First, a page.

Vision: 2025 and Julie’s Bicycle launched a new toolkit on sustainable materials and waste management at last week’s AIF Congress in Bristol.
The free-to-access toolkit, developed by experts in waste and sustainability and supported by the industry Waste Task Force, provides step-by-step guidance and resources for those managing procurement and waste at greenfield festivals.
The guidance includes practical checklists to monitor and review actions being taken; templates for developing policies and other documents specific to festivals; and tips providing guidance on specific elements of waste management. It also gives links to other reports and learning resources that exist outside of the toolkit.
Vision: 2025 chair Chris Johnson unveiled the toolkit, followed by a presentation by Julie’s Bicycle project lead Richard Phillips and Vision: 2025’s comms manager Bethan Riach. The toolkit, which is part of an ongoing industry project, Towards Zero Waste Festivals, focused on improving waste management practices in the festival sector, funded by the Dixon Foundation.
AIF chair John Rostron said, “The climate emergency is an issue that our membership takes very seriously, and part of our ongoing effort revolves around helping festival promoters make their events more sustainable. We have managed numerous initiatives towards this end, such as our Drastic On Plastic and Take Your Tent Home campaigns. It’s great to have Vision: 2025 at Festival Congress this year to speak to festival organisers and offer these tools that will help reduce their carbon footprint.”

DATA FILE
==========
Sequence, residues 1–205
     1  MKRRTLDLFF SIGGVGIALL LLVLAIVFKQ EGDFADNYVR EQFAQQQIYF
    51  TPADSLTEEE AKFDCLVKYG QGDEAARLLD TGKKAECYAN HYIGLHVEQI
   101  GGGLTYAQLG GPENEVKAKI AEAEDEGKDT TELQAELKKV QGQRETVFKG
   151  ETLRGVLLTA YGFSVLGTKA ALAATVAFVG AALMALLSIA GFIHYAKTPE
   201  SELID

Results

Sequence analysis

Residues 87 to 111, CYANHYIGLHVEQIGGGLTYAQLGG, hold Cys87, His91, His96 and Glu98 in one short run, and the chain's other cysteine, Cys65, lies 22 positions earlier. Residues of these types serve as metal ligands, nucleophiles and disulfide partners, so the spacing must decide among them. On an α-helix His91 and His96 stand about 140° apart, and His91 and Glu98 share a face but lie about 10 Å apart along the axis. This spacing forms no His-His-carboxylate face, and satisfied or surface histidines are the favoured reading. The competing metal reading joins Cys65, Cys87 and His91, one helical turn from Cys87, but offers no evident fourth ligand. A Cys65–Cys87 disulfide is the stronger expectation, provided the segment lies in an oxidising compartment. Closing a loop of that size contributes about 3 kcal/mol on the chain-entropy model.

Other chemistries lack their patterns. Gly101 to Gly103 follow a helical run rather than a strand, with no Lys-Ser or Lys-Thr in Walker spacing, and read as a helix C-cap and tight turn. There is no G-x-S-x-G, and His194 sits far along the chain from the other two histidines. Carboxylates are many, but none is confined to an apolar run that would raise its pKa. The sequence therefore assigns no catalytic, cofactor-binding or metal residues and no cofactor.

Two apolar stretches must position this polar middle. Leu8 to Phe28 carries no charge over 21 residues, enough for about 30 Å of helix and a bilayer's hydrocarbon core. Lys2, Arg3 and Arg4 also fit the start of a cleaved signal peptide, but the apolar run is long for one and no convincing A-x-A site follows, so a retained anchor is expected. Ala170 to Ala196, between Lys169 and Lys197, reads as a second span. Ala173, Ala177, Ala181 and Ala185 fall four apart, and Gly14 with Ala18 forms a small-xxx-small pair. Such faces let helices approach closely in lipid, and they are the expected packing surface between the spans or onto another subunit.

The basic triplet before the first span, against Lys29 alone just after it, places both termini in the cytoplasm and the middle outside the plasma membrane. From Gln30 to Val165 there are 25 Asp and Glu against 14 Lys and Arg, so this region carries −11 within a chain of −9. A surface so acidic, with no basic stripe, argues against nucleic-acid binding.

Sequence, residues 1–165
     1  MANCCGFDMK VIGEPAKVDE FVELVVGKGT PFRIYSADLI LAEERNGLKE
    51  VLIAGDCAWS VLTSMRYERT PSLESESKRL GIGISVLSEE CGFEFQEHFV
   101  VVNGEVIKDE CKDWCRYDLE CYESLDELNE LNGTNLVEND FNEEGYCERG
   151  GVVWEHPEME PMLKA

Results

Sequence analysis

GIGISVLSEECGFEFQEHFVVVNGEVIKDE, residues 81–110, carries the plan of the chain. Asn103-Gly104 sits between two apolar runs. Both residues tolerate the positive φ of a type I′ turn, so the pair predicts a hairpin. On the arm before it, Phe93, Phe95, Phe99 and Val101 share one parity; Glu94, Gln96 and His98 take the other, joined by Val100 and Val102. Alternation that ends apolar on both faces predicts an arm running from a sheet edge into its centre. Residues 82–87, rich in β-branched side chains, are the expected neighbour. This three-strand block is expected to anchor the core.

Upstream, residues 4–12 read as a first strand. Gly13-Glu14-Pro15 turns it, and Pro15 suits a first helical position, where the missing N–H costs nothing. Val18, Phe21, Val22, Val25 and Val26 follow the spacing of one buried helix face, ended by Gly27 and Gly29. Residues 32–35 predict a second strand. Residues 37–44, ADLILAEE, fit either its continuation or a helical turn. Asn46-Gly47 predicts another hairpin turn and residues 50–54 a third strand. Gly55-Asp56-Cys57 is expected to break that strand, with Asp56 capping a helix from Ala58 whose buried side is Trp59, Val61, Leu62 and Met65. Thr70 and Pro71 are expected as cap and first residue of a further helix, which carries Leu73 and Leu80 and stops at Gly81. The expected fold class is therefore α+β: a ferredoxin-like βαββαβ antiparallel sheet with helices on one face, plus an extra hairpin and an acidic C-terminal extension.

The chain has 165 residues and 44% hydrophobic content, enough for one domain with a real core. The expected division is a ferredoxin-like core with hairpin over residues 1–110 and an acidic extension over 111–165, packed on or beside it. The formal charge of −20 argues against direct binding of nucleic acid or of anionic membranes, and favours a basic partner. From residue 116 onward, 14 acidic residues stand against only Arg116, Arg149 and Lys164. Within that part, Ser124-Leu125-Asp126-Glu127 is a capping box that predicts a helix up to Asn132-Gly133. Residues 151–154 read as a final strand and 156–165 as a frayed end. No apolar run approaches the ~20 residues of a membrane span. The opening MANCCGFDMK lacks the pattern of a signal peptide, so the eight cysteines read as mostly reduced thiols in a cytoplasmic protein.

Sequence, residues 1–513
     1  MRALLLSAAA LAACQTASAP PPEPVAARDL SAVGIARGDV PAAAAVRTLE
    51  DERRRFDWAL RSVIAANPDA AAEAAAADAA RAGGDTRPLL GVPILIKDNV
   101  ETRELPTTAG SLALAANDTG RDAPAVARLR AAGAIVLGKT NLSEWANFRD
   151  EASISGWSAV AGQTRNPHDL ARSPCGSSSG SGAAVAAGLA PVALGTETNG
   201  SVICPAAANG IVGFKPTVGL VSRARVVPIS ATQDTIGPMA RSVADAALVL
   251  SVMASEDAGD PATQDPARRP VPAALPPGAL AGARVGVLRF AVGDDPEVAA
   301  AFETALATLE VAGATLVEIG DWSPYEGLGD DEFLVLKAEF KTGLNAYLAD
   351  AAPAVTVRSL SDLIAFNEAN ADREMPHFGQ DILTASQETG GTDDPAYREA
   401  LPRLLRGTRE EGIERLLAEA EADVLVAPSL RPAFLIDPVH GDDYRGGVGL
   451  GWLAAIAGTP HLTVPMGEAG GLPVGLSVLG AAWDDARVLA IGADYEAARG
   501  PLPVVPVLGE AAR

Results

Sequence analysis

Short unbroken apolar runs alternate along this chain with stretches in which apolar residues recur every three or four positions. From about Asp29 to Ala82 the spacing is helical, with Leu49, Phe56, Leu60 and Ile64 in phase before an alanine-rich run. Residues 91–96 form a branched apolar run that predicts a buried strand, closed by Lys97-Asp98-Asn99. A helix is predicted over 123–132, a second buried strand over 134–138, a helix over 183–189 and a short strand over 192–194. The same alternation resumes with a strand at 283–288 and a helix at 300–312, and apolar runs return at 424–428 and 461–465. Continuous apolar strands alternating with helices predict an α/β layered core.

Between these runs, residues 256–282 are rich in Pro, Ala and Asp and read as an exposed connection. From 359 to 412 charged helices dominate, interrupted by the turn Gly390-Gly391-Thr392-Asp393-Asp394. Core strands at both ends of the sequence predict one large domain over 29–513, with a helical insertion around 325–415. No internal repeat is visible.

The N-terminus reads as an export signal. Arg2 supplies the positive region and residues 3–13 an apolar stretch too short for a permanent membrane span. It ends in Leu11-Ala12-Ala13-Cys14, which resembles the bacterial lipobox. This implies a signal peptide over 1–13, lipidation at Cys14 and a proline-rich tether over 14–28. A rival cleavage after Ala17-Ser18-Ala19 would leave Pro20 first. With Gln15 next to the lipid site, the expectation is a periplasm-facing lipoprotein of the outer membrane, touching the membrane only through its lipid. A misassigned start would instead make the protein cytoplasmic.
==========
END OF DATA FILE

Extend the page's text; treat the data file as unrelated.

Phillips said, “This project incorporates a huge amount of information, collected and collated through extensive collaboration across the festival sector, which reflects the strong appetite from organisers to improve sustainable practices around waste and materials use.”
“The Toolkit is structured around 10 steps to better waste management. Each step details actions to be taken and links to the relevant resources, with references, to guide festivals throughout the process of managing waste, with advice on using the right resources at the right times.”
Riach said, “There is a lot of information and background research condensed in this ‘Easy to Use’ Toolkit. We’ve been as concise as possible and hope that our approach of ‘Less Is More’, will inspire organisers to use less resources and reuse more.”